None of this constitutes a violation of anyone’s freedom. It’s what freedom looks like.
Free speech aside, why does anyone, ever, do or say or think or draw or write anything profane or blasphemous or provocative or controversial or impolite or mean-spirited or harsh or unkind?
Do only certain answers to that question justify the exercise of such freedom?
I sit as I write this in a crowded coffee shop. The tables are small and closely spaced. There are men seated at the two tables on either side of me. All three of us have matching disposable cups of overpriced coffee sitting precariously on the edges of our small tables crowded beside our silver laptops.
There is no way for me to turn my laptop to prevent them both from seeing the screen. After reading the Wikipedia entries for the artwork I mentioned above, I peruse galleries of Charlie Hebdo covers looking for examples of images targeting Christian and Judaic ideas.
I wonder to myself, what do these men sitting so closely beside me think of these images? By now, they have surely glanced over and seen them on my screen. What meaning have they ascribed to them, to my perusing of them here inside the narrow confines of this crowded coffee shop?
I find my mind flowing back through the years to another table in another time. It is more than a decade and a half ago. The table is bigger, square instead of round. In a lunch deli, not a coffee shop, and not at all crowded. I am having lunch with a friend. It is before the days of smartphones. We are reading different sections of a shared newspaper.
An article captures my attention. I summarize it aloud for my friend. A couple struggling with fertility sought help from a fertility clinic. Ultimately the wife was implanted with embryos that were successfully fertilized using her eggs and donor sperm. A baby was born.
Only there had been a mix-up with the donor sperm used by the clinic. The baby does not have the right look to her parents’ way of thinking.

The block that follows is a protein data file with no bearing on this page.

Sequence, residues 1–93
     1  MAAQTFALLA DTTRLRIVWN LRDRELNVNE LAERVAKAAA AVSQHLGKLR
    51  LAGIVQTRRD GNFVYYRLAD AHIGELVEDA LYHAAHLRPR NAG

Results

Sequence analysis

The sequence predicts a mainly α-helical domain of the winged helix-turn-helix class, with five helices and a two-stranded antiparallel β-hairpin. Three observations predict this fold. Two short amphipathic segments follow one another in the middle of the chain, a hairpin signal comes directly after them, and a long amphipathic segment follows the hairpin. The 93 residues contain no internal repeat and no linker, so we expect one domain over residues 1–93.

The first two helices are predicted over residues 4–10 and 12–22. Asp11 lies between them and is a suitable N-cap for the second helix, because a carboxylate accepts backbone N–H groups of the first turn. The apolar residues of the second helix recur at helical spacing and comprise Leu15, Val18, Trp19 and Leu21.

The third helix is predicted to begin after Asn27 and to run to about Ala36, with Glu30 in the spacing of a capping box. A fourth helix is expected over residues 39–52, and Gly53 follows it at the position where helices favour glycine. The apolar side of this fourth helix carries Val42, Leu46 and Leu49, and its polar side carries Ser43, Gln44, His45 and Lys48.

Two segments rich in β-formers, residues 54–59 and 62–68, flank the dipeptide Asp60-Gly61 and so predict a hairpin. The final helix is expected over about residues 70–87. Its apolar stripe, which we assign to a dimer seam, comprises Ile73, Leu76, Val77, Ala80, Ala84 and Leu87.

Her skin is too dark. Her hair is too kinky.
The parents are suing. The article closes with a quote in which they insist they are not racist.
“Right. We aren’t racist,” I mimic, sarcastically. “We just don’t want this baby. For entirely nonracist reasons.”
My friend snickers. We both get it. We are young and smug and sure of ourselves, signaling our mutual membership in the best of all possible tribes. We start riffing off each other, back and forth, mimicking all the things we imagine people blissfully unaware of their own contrivances say in such circumstances.
We’re not racist. We just don’t think the races should mix.
We’re not racist. This is about the children.
We’re not racist. We have black friends.
A man at a corner table looks up from behind his own newspaper and frowns at us.
Jerk. I immediately assign him to one of those other, less desirable tribes. One whose members remain fatuously assured of their enlightened values right up until the moment they are handed that baby. The swaddled bundle of Other that forces them to confront the things they had until that point been able to deny existed inside their own minds.
Does he think we are the—?
Did he misunderstand? We were only…
What? I struggled to think of the right words to describe what we were doing.
I am fifteen years away from knowing what Charlie Hebdo is.
To avoid the inherent limitations of the views from our own tables.
But it is in those moments when self-doubt obliterates contrivance that paradigms shift. It is in the moments when we finally sense the chinks in our own armor of righteousness that we fully appreciate the limitations of our perspectives. It is where we straddle those lines that cannot be drawn that real debate occurs and social change is worked.
There is inherent value in the speech that drives us to the place where the curtain is pulled back.
And that is why.
As Caleb Crain, author of Necessary Errors, writes on his Steam Thing blog:
It’s possible, of course, to see the antiracist message of one of the Charlie Hebdo cartoons as no more than a cover for an underhanded relishing of the racist imagery deployed in it. Parody usually does participate to some extent in the energy of what it parodies; that is one of the risks it runs. Humor is not pure. It speaks to us through our flaws, as well as speaking to us about them—envies and hates, as well as greeds and lusts—and it can’t exist without the license to work with dark materials.